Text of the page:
Brain and Body

Tasers: More Deadly Than We Thought, Study Finds

November 24, 2015 | Kelly Tatera

X-26 Taser
Photo credit: jasonesbain/Wikipedia (CC BY 2.0)

The BMJ brings to light that the weapons manufacturer commissioned many of the safety studies.

Tasers are widely used by over 16,000 police forces in 107 countries, according to a new study. But the study, published on November 17th in the British Medical Journal, also finds that Tasers may have some potentially lethal effects on the heart, adding to the list of previously known risk factors associated with the weapon.

How do they work? Tasers use compressed nitrogen to fire barbed electrical probes that deliver a pulsed 50,000 volt shock, according to the report. The intense shock causes intense skeletal muscle contractions as well as pain.

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The X26 Taser model is the most commonly used Taser among law enforcement agents, so most of the tests have involved this model. The X26 can reach a suspect from 35 feet away. Unsurprisingly, the most common Taser injuries result from uncontrolled falls, which can lead to head injuries and even death. Some of the other well-documented risks are seizures, collapsed lungs, injuries to muscles, joints, or tendons, and skin burns or eye damage.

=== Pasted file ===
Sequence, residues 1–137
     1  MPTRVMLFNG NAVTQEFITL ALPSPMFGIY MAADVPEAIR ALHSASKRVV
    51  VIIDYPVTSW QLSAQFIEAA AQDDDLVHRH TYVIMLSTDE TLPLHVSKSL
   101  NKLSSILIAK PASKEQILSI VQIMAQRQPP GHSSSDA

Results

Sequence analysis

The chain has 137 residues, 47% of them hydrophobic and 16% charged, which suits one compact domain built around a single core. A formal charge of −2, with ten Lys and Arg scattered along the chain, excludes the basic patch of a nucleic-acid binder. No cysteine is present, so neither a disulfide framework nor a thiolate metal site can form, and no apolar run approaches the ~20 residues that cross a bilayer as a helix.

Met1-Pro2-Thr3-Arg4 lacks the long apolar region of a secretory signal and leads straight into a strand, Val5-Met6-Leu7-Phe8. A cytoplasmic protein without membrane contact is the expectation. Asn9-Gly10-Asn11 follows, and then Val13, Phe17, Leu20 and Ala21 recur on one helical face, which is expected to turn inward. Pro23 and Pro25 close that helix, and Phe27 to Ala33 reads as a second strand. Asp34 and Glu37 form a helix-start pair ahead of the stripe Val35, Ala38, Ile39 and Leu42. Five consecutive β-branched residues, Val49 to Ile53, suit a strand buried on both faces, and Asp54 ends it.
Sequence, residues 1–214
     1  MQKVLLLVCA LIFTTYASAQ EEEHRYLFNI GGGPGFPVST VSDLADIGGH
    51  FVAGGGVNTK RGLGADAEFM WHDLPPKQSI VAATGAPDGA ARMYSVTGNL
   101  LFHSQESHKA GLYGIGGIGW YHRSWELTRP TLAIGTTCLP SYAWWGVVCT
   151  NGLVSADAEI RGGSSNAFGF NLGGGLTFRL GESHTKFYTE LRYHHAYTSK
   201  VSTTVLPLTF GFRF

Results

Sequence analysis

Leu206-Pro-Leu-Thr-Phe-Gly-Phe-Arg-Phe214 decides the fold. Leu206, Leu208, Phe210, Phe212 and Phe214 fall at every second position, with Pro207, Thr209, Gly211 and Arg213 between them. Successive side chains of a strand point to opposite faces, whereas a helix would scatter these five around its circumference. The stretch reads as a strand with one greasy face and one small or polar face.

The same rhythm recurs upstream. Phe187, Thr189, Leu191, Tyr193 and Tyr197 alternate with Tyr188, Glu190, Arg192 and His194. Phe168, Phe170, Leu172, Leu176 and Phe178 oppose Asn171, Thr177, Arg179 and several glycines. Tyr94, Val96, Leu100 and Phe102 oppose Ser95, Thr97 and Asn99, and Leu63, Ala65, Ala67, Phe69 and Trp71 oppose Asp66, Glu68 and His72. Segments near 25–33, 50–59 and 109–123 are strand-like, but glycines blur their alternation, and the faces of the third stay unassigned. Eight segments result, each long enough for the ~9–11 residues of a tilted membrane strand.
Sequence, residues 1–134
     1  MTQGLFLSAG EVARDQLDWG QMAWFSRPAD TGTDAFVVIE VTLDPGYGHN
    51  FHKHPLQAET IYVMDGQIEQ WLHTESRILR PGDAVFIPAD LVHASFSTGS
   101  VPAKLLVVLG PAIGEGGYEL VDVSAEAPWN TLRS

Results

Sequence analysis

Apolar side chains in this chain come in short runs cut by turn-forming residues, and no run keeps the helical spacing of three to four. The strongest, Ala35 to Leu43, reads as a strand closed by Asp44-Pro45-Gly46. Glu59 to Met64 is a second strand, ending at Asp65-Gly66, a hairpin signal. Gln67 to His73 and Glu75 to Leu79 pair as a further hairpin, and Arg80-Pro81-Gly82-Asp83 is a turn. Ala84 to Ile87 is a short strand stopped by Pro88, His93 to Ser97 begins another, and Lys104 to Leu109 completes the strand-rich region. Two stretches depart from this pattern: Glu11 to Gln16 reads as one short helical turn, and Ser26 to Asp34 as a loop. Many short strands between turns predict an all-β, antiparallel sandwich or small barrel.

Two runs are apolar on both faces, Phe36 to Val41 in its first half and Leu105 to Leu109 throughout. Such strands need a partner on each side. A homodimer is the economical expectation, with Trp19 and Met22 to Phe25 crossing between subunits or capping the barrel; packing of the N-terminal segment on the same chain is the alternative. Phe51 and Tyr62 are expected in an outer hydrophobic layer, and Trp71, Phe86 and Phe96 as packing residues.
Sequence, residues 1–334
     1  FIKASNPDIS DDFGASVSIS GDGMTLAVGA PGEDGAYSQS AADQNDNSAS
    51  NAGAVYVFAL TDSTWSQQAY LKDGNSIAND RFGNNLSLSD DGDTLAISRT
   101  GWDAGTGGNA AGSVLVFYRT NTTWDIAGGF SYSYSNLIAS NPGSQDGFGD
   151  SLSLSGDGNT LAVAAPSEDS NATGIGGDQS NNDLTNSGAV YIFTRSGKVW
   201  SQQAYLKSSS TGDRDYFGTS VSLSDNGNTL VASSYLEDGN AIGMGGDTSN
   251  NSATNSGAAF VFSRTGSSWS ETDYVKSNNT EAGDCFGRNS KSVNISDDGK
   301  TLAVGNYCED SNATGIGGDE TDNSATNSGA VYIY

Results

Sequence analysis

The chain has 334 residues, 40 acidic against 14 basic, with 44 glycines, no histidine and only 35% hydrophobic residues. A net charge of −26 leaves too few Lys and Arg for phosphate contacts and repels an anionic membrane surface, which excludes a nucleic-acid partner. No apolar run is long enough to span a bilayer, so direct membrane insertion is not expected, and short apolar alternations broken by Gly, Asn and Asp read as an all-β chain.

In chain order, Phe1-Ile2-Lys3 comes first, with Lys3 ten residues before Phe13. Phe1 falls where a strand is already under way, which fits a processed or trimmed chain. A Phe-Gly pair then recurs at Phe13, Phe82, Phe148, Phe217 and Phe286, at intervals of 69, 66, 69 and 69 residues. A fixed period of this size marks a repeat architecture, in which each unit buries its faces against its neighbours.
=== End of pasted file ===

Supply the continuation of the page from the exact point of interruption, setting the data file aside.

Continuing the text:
What’s unsettling is that police have increasingly been using Tasers in the line of duty. Recent controversy in Canada has brought the dangerous weapon into question, and the Canadian Broadcasting Corporation (CBC) reports that, since 2003, at least 20 people have died after Canadian police officers shocked them with Tasers. In the US, the number is even higher, as Amnesty International reports 490 Taser-caused deaths between 1990 and 2012, according to the Chicago Tribune.

The new research points to Tasers’ potentially lethal effects on the heart — extended shocks have led to issues with the heart's rhythm, as reported by Popular Science. In particular, the weapon can cause arrhythmias, ventricular fibrillation, and rapidly accelerating heartbeat.

Disturbingly, the report in the BMJ notes that safety studies on Tasers may not be as objective as they should be. Why? Because many of them are commissioned by the weapon’s manufacturer..

It’s clear that there must be some reform in Taser education — the genuine health risks as well as how police are trained to use them. While Tasers are certainly a safer alternative to guns, it’s critical that they’re used responsibly. A “non-lethal” weapon should under no circumstances be leading to civilian deaths.

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